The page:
In order to state a cause of action under 42 U.S.C. § 1983, the complaint must allege that (1) the conduct in controversy was committed by a person acting under color of state law, and (2) the conduct deprived the plaintiff of a federal right, either constitutional or statutory. Lugar v. Edmondson Oil Co., 457 U.S. 922, 930 (1982). The parties do not contest that this case implicates a constitutional right to liberty. The parties do dispute, however, whether the plaintiff has alleged facts to support his allegation that defendants acted under color of state law. Specifically, the parties dispute whether defendants were "state actors," that is, whether their actions are fairly attributable to the state.

The Supreme Court has set forth three tests to determine whether the challenged conduct may be fairly attributable to the state in order to hold the defendants liable under § 1983. These tests are (1) the public function test, (2) the state compulsion test, and (3) the symbiotic or nexus test. See Wolotsky v. Huhn, 960 F.2d 1331, 1335 (6th Cir. 1992). Plaintiff's complaint contains no facts to establish that defendants are state actors under the public function test. The public function test requires that the private entity exercise powers which are traditionally exclusively reserved to the state, such as holding elections, or eminent domain. Id. With regard to this case, providing mental health services has not been a power which has traditionally been exclusively reserved to the state.

The complaint also fails to state any facts which would establish that defendants were state actors under the state compulsion test. The state compulsion test requires that a state exercise such coercive power or provide such significant encouragement, either overt or covert, that in law the choice of the private actor is deemed to be that of the state. Id. In this case, plaintiff does not allege that the state provided any significant funding to UT Medical Center; whether the state influenced the choice of managers of UT Medical Center, or influence personnel policies or decisions for UT Medical Center. There is nothing in plaintiff's complaint to suggest that the state exercised such coercive power or provided such encouragement as to make UT Medical Center a state actor.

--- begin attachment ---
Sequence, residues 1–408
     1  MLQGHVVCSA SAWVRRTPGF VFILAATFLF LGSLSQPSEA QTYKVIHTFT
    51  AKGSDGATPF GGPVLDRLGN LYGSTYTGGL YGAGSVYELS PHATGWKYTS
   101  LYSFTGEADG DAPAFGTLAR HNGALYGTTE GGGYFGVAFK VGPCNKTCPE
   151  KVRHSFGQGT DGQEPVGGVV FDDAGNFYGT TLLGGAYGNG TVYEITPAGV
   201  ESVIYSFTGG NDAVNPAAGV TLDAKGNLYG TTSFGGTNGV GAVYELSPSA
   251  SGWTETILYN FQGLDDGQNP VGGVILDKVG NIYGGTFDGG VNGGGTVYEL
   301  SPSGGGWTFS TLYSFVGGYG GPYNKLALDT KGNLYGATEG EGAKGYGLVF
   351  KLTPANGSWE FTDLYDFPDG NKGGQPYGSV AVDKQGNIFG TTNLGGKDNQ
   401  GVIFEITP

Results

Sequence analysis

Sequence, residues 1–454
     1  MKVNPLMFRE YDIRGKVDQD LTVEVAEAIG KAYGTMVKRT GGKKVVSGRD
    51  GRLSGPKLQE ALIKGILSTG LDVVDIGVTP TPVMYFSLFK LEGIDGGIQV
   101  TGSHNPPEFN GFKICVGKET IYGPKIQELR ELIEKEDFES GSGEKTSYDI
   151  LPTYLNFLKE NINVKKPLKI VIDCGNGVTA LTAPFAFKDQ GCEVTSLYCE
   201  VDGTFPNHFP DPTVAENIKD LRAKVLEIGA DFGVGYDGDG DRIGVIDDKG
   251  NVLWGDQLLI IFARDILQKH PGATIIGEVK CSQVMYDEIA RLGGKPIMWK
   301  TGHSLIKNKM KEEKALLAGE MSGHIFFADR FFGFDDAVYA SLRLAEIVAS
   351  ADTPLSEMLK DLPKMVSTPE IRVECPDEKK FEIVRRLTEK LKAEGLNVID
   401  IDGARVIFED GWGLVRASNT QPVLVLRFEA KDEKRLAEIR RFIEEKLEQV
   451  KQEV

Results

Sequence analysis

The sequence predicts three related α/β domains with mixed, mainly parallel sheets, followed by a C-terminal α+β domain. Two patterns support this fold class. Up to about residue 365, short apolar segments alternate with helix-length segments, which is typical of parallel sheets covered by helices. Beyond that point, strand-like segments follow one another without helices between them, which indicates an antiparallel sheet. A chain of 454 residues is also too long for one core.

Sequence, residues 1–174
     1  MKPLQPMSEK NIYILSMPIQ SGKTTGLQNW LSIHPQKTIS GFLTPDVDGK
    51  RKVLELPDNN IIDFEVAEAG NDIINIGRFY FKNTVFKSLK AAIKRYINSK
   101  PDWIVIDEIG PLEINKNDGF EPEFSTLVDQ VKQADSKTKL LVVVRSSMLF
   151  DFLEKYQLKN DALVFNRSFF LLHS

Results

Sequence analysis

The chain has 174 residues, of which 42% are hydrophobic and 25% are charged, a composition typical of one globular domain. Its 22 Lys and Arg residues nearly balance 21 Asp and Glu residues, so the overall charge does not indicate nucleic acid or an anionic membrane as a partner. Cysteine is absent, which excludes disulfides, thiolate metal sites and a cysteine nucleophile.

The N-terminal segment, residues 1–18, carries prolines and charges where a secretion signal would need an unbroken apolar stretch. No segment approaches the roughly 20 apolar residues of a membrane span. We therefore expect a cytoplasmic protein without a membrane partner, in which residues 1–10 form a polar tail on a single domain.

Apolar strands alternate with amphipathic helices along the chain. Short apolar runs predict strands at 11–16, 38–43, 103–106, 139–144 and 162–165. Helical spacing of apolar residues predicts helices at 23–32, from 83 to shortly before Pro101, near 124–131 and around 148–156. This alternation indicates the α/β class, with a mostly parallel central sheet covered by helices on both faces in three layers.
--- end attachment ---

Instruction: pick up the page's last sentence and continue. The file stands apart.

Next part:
Nor does the complaint allege facts suggesting that defendants were state actors under the symbiotic relationship test. Under the symbiotic relationship or nexus test, the action of a private party constitutes state action when there is a sufficiently close nexus between the state and the challenged action of the entity so that the action of the latter may be fairly treated as that of the state itself. Id. Plaintiff does not allege that UT Medical Center is subject to any state regulation, although state regulation does not by itself convert its action into state action. Rather, it must be demonstrated that the state is intimately involved in the challenged private action in order for that conduct to be attributed to the state for purposes of § 1983. See Bier v. Fleming, 717 F.2d 308, 311 (6th Cir. 1983).

The instant complaint fails to allege that defendants were state actors under any of the above tests. The majority of courts to consider the issue have held that involuntary commitment by private physicians pursuant to a state statute does not result in state action. See Ellison v. Garbarino, 48 F.3d 192 (6th Cir. 1995); Rockwell v. Cape Code Hosp., 26 F.3d 254 (1st Cir. 1994); Harvey v. Harvey, 949 F.2d 1127 (11th Cir. 1992); Spencer v. Lee, 864 F.2d 1376 (7th Cir. 1989). Plaintiff's complaint fails to allege any facts indicating that UT Medical Center was acting under color of state law when the alleged violation of his federal rights occurred. Nothing in plaintiff's complaint suggests that UT Medical Center or its employee Jane Doe were state actors except for plaintiff's conclusory statements that UT Medical Center and Jane Doe were "acting under color of law" at the time of the alleged constitutional violations. These conclusory allegations are insufficient to establish that UT Medical Center and Jane Doe were state actors. Plaintiffs' mere conclusory statements that these defendants were acting under color of law is insufficient as the court is not required to accept as true conclusory legal statements when determining whether a plaintiff has stated a claim ...